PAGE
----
Toronto, ON- When the University of Alberta Golden Bears caught wind that they would be playing against the Canadian World Junior team, they got excited. After crashing out of the 2019-20 Canada West playoffs to UBC in the semi-final, the group is finally getting a chance to play a game against a team other than their own.
While exhibition games against the WJC team are a far cry from the competitive Canada West season, they fill up some space on a schedule compiled with training sessions and practices. “It is nice to have something on the schedule; we have to give it our all because we do not know how many games we’ll get this year,” said Nolan Volcan, a second-year forward.
This year, practices have focused on individual skills, with guest coaches coming in to help run practices and offer something fresh for the players every day. While skills and some intra-squad scrimmages are better than no hockey at all, it is still a far cry from playing an actual game. “The vibe [around practice] switched when we found out,” said Volcan, “Competing against guys on your team is good, but it gets old after a little while.”
The youngest player on the Canadian team is 16-year-old Shane Wright of the Kingston Frontenacs, and the oldest member is 19. The youngsters will be lining up against Alberta’s players, who are all 20+. Although the Canadian team is years younger, the challenge they pose is a strong one.
Steven Owre got a chance to play against the Canadian World Junior Championship team last year with the U SPORTS All-Star team in Oakville, Ontario, and playing against the young-stars was far from easy. “They’re skilled, they’re fast, and everything they do is at a high tempo, so it’s a lot of fun for me; I like to play like that too, so this is going to be fun,” said the 24-year-old Owre.
While Owre is a veteran, Volcan, 21, has not played against a side full of prospects. Still, it is something he is looking forward to, especially in a peculiar season. “We’re grateful for the opportunity, and we’re going to be up for the challenge,” he said. “They’re all talented; just playing against some of these guys who are high picks will be fun, and it will be a good experience.”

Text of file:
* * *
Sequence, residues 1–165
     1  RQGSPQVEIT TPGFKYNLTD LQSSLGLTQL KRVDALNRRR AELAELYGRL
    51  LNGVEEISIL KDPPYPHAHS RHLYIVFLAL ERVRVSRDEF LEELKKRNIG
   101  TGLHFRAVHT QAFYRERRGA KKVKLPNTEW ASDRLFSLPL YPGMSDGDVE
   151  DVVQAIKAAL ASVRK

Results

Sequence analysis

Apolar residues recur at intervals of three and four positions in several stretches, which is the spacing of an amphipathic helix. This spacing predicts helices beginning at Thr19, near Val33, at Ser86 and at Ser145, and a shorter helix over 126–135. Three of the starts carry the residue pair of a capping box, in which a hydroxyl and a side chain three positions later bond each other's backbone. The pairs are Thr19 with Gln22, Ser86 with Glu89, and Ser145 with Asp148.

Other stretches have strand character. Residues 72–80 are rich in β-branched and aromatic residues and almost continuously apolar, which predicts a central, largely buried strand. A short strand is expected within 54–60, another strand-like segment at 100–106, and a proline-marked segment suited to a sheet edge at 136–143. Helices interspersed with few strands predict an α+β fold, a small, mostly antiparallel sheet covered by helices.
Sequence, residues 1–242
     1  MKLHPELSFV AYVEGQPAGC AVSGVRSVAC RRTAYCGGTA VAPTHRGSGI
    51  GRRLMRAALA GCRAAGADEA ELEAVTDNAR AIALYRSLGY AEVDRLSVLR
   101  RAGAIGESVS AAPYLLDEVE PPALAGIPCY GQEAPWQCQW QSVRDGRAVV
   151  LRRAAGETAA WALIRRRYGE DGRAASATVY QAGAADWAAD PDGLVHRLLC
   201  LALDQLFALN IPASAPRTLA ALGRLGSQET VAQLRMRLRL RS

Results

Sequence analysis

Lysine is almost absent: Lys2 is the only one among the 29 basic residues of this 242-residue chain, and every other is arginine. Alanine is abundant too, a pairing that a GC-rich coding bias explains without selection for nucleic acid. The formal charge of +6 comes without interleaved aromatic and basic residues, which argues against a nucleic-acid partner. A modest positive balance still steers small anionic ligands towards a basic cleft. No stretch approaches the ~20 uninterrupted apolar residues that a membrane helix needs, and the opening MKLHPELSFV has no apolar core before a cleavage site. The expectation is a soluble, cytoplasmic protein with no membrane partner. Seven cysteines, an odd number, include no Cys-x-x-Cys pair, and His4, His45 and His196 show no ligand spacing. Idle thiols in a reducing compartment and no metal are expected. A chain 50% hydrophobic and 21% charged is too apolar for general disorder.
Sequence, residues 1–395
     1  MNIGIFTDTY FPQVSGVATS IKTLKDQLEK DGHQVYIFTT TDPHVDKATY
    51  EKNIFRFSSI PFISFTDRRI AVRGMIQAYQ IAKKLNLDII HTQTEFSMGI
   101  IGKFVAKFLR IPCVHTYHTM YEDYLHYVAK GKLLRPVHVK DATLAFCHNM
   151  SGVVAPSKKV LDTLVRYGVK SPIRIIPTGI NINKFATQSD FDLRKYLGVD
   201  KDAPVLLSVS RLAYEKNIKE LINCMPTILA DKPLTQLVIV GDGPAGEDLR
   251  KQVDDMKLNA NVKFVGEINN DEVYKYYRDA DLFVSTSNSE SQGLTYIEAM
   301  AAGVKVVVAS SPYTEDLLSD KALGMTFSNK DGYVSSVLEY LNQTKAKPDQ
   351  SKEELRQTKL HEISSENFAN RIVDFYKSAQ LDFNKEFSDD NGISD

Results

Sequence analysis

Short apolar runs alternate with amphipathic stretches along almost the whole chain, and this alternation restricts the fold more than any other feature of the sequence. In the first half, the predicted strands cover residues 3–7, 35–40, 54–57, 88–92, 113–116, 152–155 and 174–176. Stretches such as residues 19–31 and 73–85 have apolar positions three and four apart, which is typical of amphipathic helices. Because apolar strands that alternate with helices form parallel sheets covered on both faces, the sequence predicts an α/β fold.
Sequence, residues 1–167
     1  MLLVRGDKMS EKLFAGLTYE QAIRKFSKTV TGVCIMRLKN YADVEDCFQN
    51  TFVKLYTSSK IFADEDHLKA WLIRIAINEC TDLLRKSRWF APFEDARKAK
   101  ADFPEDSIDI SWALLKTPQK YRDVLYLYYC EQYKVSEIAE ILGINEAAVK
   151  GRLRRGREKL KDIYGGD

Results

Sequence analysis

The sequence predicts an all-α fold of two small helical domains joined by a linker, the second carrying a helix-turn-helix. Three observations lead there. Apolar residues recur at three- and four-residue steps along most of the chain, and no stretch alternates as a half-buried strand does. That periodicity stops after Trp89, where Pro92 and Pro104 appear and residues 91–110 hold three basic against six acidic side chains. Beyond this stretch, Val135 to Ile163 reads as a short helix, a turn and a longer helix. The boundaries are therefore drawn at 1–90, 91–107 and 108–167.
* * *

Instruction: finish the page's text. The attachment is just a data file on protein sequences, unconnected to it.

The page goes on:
Owre and the U SPORTS All-Stars exchanged results with the Canadians in 2019, but with two games alongside his Alberta teammates, it will be far different. “Theres a bit more bragging rights this year, and good for the program to showcase what we have,” he said. The Golden Bears will have five players from the 2019 All-Stars, giving them lots of experience and skill in this situation, although the man who scored against the juniors, Trevor Cox, has moved onto pro hockey in Slovakia.
2019-20 was a disappointing season for the U of A, who have won a U SPORTS leading, 16 U CUPS. With such a strong history, the team feels they can compete and even beat the Canadian juniors without an All-Star roster.
Their already studded roster may have lost Cox and others to graduation, but the incoming group, who are fresh off of junior hockey, have skill as well. Dylan Plouffe, formerly of the Vancouver Giants, played with Canada’s top-defender, Bowen Byram, in his WHL days. At the same time, the likes of Brayden Chizen, Chad Butcher, Ethan Sakowich, Tyler Preziuso, Jacob Bennet and NCAA transfer Daneel Lategan bring their fresh energy. “It will be a good look to see where our team is at, we brought in some new guys, and they have been good so far,” said Owre.
Getting back into game action is thrilling for the Golden Bears, who are grateful for the chance to play against a team other than themselves, but the players also know why they are there. “We’re there to help prepare them for the WJC and to give them the best game we can,” said Owre about facing the defending tournament gold medallists.
Games against Canada are a win in all aspects for the university and the program. It gives them a litmus test of where their team is and offers players national exposure with the games broadcast across Canada on TSN. For players hoping to move on in hockey after U SPORTS, these games give them a chance to show their worth to a broad audience, all while preparing Team Canada for their gold medal defence.
Cover photo: University of Alberta